10. 10. New France conducted no witch-hunts and executed no one for occult practices, in contrast to New England. <br />French established no elective assembly to represent the colonists. Instead the crown appointed a sovereign council, consisting of 5 to 7 seigneurs, as well as the governor-general, bishop, intendant and attorney general. <br />Church and state saw any point in educating the common people, and the result was no schools beyond the 3 major towns, and less than a quarter of the habitants could read and write.<br />New France lacked the town or country governments that permitted so much local autonomy in the British colonies. Chronic Warfare and the law required every male between 16-60 to serve in the militia. <br />In New France, the crown worked to reinforce social rank <br /> with assured prosperity. When officers or officials died, their <br /> widows received annual government pensions to uphold their <br /> noble standard of living. <br />American Colonies 16 – French America<br />
  11. 11. Canadian Indians remained sovereign peoples rather than French subjects.<br />In the native world, there was no mediation without presents.<br />Louisiana founded by convicts and military conscripts and failed to develop a profitable export staple. <br />Company of the Indies surrendered Louisiana to French crown in 1731.<br />French employed black slaves to fight in militias. Courageous ones won their freedom. Rebel slaves punished by being turned over to the Indians for burning to death.<br />Soldiers treated poorly. Their payments were embezzled and their equipment was sold.<br />American Colonies 16 – French America<br />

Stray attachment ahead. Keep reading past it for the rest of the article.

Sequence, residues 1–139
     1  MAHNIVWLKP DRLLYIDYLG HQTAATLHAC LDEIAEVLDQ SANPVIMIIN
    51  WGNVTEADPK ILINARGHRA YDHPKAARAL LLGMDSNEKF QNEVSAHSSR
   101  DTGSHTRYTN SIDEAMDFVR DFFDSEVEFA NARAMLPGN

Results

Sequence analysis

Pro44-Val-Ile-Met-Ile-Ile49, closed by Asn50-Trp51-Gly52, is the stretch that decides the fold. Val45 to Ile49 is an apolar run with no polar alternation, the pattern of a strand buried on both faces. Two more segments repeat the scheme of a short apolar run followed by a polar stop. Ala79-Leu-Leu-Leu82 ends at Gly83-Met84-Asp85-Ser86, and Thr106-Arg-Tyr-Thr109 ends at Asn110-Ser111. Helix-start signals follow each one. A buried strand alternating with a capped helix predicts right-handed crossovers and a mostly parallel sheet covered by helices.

12. 12. Blacks and natives relied on to control the lower-class whites.<br />French expanded their tobacco plantations up the Mississippi and built a fort near the Natchez villages. This provoked hostility among the Natchez. They staged an uprising on November 28, 1729, and killed the commander of Fort Rosalie, after he ordered them to displace. This was a double blow to the French because African slaves sympathized with the Indians and took up arms against the French.<br />During the 1600’s, the Catawba, Cherokee, Creek, Chickasaw and Choctaw formed a loose confederation for protection.<br />British constantly had trade advantage of Price, Quantity and quality in the supply of cloth, guns, and alcohol.<br />Due to the financial drain of New France and Louisiana, the crown ordered a withdrawal from upper-country posts in 1696. <br />Indians became dependent on trade and considered cessation to be an act of war.<br />American Colonies 16 – French America<br />